Well Intentioned Builder

The Well-Intentioned Builder

Cockpit Theatre, 1966; NT of Craiova, 2004

A lonely woman invites a builder to examine a patch of damp in her old house. Brick by brick, he knocks the house down. ‘How bare the earth looks’, she says. ‘Now,’ replies the builder, ‘we can begin to build.’

Author’s note: This play was originally written for a theatre collective in Hampstead, London, which I ran under the auspices of the Inner London Education Authority (ILEA). It followed the examples of similar collectives, run by Peter Brook at the LAMDA, Joan Littlewood at Stratford East, Roy Hart’s Theatre of the Voice and, among several reps, Peter Cheeseman’s team at the Victoria, Stoke on Trent. (→Theatre Outside London)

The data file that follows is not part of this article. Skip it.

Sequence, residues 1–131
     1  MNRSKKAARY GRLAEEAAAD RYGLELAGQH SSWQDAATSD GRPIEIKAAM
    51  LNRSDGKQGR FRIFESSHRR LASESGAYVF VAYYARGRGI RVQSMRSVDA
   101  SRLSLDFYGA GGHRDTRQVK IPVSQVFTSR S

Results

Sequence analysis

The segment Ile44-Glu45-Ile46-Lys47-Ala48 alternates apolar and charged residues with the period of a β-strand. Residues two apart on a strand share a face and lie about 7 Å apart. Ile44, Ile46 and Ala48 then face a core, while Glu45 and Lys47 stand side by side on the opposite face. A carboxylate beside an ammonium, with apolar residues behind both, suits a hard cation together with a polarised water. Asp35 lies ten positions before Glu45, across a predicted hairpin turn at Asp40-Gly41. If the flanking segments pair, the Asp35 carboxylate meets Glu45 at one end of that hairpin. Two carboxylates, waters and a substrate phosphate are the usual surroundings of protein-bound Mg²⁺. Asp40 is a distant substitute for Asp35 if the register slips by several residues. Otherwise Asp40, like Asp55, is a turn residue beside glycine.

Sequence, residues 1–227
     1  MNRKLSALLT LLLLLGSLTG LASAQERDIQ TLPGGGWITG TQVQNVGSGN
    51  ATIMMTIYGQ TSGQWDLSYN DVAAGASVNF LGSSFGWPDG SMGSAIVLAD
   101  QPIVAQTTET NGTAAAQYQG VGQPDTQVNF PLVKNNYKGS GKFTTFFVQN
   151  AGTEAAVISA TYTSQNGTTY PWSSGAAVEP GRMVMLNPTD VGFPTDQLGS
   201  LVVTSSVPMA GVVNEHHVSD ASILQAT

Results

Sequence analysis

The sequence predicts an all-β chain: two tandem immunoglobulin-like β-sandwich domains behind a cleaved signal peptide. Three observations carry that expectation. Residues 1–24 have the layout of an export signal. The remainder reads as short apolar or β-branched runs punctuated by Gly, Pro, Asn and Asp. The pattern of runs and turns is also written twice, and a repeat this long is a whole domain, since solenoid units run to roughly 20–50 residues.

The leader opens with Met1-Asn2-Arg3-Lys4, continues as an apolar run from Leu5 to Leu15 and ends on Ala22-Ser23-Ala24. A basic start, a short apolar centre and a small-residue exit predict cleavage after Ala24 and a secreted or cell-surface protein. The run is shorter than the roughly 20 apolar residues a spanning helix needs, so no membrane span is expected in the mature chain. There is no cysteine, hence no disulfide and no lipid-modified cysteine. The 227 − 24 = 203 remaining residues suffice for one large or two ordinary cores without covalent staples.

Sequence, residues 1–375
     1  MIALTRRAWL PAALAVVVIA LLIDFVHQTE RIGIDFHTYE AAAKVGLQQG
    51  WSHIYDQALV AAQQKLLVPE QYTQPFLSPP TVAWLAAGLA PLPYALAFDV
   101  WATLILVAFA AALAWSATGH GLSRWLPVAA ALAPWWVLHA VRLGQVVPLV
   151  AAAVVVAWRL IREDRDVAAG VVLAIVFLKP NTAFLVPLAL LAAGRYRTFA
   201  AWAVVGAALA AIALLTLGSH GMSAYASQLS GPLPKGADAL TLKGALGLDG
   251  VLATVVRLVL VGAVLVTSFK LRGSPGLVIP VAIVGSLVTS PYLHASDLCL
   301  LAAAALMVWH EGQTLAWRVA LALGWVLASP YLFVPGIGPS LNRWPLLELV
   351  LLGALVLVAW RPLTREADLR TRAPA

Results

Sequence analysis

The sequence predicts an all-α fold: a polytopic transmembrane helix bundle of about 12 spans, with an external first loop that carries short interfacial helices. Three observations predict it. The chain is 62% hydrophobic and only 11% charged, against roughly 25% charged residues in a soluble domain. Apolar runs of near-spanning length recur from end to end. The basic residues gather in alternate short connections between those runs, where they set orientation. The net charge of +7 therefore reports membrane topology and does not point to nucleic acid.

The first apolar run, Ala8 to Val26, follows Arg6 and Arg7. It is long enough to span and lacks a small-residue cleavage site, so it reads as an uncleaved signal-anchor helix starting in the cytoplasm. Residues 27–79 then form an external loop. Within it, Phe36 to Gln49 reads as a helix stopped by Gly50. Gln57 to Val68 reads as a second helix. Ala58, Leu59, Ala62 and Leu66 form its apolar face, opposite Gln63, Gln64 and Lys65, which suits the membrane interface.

We were all unpaid, professionals and amateurs alike. Our aim (as with other collectives) was to dramatize an experience which, in different degrees, we shared. Our group contained several émigrés from a war-torn Europe, seeking to mend and re-build their lost worlds. The lonely woman in a creaky house was a metaphor for the times in which we lived.

Forty years later, my script was uncovered by the National Theatre of Craiova in Romania. It ran in repertoire for more than three years, in a fine production by Anca Maria Colteanu. On its first night, a woman embraced me and said that she had just seen ‘the story of her life’.

‘It’s hard to imagine how a text written in 1966 could be so present in 2004… firm and complex in its simplicity’. Drama, Bucharest, Romania (→ further press).